Never Got Your April Social Security Check? What You Should Do

There are a number of reasons why your Social Security check might not have arrived yet. We'll explain.

Katie Teague Writer II
Katie is a writer covering all things how-to at CNET, with a focus on Social Security and notable events. When she's not writing, she enjoys playing in golf scrambles, practicing yoga and spending time on the lake.
Expertise Personal Finance: Social Security and taxes
Katie Teague
3 min read
A man in a suit standing in front of a large clock holding the clock arm in place with a large Social Security card in the background.

Why is your Social Security payment late?

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Now that May is here, you might be worried if you never received your Social Security payment in April. Your benefits should arrive around the same time each month, depending on how long you've received benefits and your date of birth.

A late payment doesn't always mean you won't get your money at all, and it can happen for a variety of reasons. For instance, perhaps you closed your bank account or moved. In any event, it's best to call the Social Security Administration to find out what's going on. We'll explain how to do this below.

Here's why your Social Security benefits might be late and what to do about it. For more, here's what happens if you get a Social Security overpayment and why you might still need your cost-of-living adjustment letter.

Reasons your Social Security check could be late

Here's why your Social Security payment might not have made it into your bank account last month. 

Your banking information has changed: If you recently changed your banking information and didn't update your Social Security account, this could be why you didn't receive your money.

You recently moved: If your address has changed since your last Social Security payment, this could cause a delay in your benefits.

You just applied for benefits: If you recently applied for Social Security benefits, it'll take a couple of months before you begin receiving benefits. Roughly 30 days after applying, you'll receive a letter that shows your anticipated benefits start date.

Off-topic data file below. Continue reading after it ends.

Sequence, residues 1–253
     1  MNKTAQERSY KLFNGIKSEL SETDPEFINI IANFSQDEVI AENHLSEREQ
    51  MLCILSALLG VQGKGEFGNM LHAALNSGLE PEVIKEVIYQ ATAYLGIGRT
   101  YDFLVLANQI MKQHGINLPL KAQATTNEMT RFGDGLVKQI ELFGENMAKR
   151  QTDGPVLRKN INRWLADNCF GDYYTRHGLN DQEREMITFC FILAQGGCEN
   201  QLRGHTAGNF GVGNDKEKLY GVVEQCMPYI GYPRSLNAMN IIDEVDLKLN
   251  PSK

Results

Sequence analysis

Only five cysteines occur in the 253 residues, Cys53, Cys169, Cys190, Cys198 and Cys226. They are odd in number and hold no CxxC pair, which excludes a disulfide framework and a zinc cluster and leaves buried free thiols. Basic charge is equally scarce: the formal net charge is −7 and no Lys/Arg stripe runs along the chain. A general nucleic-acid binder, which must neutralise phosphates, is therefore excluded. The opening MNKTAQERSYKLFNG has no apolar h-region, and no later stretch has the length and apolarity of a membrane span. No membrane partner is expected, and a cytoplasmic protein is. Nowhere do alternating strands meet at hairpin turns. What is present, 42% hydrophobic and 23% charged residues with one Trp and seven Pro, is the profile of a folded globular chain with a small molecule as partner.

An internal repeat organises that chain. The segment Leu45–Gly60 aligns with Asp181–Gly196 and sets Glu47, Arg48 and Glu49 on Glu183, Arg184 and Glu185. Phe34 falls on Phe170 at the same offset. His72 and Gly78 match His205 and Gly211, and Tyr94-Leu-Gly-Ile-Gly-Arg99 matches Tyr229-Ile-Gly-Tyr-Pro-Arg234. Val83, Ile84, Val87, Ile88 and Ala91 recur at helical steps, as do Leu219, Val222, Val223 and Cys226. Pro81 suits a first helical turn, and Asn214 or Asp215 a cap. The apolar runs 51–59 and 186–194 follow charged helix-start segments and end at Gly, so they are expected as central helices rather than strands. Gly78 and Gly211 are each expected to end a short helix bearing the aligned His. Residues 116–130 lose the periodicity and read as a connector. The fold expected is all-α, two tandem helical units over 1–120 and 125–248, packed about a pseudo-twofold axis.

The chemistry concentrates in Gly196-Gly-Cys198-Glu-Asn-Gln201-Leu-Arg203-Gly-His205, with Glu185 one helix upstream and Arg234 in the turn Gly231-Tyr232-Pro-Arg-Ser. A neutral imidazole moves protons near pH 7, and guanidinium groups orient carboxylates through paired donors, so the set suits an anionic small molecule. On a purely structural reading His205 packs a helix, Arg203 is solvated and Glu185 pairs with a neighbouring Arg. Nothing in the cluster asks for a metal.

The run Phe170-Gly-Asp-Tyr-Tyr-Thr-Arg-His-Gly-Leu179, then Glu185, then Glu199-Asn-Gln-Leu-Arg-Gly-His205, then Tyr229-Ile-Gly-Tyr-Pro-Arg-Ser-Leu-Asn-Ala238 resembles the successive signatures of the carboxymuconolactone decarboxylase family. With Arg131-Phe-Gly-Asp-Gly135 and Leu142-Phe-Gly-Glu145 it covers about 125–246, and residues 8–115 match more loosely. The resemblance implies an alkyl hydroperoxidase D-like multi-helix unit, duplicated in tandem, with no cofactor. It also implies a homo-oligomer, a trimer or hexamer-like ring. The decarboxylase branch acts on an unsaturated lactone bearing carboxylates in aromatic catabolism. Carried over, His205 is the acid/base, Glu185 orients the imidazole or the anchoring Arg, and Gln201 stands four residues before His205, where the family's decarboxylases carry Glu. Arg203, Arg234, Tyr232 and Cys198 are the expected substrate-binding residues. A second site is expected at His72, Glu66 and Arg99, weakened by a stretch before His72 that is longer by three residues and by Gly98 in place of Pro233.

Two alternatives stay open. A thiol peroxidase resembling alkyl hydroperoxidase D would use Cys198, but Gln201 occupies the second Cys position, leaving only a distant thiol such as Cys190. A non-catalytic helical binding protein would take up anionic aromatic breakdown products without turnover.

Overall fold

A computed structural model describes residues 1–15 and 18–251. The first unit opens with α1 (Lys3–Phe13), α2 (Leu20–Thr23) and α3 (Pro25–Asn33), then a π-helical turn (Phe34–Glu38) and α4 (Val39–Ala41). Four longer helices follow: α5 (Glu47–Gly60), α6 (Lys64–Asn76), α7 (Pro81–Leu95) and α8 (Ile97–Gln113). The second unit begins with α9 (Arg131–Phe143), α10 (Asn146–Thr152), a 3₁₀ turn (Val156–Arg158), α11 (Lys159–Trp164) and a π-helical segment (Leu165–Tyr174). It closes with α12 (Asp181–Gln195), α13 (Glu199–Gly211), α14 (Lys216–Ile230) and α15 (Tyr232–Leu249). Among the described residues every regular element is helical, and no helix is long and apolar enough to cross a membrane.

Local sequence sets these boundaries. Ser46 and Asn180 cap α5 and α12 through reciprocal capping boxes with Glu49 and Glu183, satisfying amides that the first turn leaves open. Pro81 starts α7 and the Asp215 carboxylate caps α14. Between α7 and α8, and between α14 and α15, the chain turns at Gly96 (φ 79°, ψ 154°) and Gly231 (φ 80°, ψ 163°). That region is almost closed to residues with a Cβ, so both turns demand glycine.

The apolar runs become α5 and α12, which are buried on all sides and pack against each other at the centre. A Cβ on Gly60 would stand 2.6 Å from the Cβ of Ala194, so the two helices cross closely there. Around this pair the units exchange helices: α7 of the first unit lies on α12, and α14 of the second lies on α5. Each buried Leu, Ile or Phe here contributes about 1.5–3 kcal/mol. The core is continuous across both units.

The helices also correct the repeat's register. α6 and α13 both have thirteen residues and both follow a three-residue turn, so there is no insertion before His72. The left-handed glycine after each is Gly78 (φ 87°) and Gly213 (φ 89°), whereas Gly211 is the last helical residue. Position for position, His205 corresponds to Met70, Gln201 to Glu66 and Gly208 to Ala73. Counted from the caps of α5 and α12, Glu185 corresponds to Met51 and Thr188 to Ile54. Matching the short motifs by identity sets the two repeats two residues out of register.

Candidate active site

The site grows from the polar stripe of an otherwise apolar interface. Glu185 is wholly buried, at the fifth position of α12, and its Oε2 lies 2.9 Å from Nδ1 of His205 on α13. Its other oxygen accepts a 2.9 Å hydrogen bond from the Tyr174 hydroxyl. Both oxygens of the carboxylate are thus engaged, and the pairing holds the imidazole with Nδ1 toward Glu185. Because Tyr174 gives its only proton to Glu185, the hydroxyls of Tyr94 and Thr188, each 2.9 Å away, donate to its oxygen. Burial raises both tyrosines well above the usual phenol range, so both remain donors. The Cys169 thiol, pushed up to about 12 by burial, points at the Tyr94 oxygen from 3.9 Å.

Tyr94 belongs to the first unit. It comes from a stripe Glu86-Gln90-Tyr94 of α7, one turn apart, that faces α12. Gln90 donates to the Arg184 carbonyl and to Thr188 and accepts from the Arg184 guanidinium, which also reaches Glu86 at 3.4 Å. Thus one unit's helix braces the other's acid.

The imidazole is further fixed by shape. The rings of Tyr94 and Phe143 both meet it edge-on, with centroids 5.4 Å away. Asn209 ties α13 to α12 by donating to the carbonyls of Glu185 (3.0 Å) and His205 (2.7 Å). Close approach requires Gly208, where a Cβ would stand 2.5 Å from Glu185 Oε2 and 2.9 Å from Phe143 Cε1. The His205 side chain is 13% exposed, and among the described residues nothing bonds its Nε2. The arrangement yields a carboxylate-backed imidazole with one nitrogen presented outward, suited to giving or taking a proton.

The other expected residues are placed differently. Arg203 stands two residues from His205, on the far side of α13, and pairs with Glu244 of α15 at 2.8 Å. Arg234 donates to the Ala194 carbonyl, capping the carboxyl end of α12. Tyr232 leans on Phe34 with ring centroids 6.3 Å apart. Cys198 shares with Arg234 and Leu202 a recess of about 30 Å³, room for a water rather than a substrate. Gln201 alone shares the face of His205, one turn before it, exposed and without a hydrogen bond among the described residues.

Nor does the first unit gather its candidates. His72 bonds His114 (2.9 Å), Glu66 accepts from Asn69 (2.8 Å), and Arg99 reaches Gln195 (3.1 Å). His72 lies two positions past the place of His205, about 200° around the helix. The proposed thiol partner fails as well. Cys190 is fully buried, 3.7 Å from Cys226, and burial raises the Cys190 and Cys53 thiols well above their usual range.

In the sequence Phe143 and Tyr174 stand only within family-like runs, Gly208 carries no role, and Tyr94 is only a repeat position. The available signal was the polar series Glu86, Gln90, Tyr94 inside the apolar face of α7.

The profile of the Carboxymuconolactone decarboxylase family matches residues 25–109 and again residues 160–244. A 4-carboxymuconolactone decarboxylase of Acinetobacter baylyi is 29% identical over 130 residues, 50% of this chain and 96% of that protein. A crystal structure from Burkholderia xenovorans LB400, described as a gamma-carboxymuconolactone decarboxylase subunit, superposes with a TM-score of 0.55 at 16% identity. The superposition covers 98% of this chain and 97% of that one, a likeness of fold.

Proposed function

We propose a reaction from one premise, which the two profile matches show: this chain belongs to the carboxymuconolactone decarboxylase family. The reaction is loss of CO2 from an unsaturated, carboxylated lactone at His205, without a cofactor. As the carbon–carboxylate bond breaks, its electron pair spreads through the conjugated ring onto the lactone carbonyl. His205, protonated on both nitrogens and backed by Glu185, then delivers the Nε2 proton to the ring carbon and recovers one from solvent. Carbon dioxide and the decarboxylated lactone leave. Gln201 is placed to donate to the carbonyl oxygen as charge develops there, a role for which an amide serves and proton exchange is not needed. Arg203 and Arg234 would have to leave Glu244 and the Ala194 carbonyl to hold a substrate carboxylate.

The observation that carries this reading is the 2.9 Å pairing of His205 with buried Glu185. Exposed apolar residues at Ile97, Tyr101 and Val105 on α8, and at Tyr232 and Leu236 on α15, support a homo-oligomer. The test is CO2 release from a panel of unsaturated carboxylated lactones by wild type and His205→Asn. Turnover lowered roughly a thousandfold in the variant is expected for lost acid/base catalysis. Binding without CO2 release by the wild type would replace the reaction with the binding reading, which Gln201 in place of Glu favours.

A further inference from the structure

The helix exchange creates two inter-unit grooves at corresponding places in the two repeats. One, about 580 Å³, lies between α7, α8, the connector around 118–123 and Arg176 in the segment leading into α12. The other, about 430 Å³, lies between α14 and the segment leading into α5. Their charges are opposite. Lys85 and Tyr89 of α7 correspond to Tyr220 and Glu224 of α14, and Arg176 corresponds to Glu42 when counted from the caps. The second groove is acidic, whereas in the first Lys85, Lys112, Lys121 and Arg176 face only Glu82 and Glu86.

The Social Security Administration stopped your benefits: The SSA can terminate your benefits if you begin working and your income exceeds the maximum amount allowed. Your benefits can also be suspended if you've been in jail longer than 30 days.

The Social Security offices are experiencing delays: If the Social Security office that handles your payments has a problem, like a staffing shortage, it could potentially delay your benefits.

Check the status of your Social Security benefits

If you applied for benefits but haven't received a letter in the mail and it's been 30 or more days, you can check the status of your application. You'll need to log in to your My Social Security account or create one if you haven't already.

Once you're in, you can see your current claim location, as well as the scheduled hearing date and time.

If it's been more than 30 days and you haven't heard from the Social Security Administration, it may be best to call or visit your local office for more information.

How to report a missing payment

If your Social Security direct deposit didn't arrive in your bank account on the typical scheduled day, call your bank. They might be able to tell you if there's a delay in posting your payment.

If your bank doesn't see any pending payments, it may be time to call the Social Security Administration at 800-772-1213 or contact your local Social Security office. Someone in the office will review your case and if they find a payment is due to you, they will send it.

For more information, here's the maximum amount of Social Security money you can receive each month. Here's a Social Security cheat sheet for all your questions.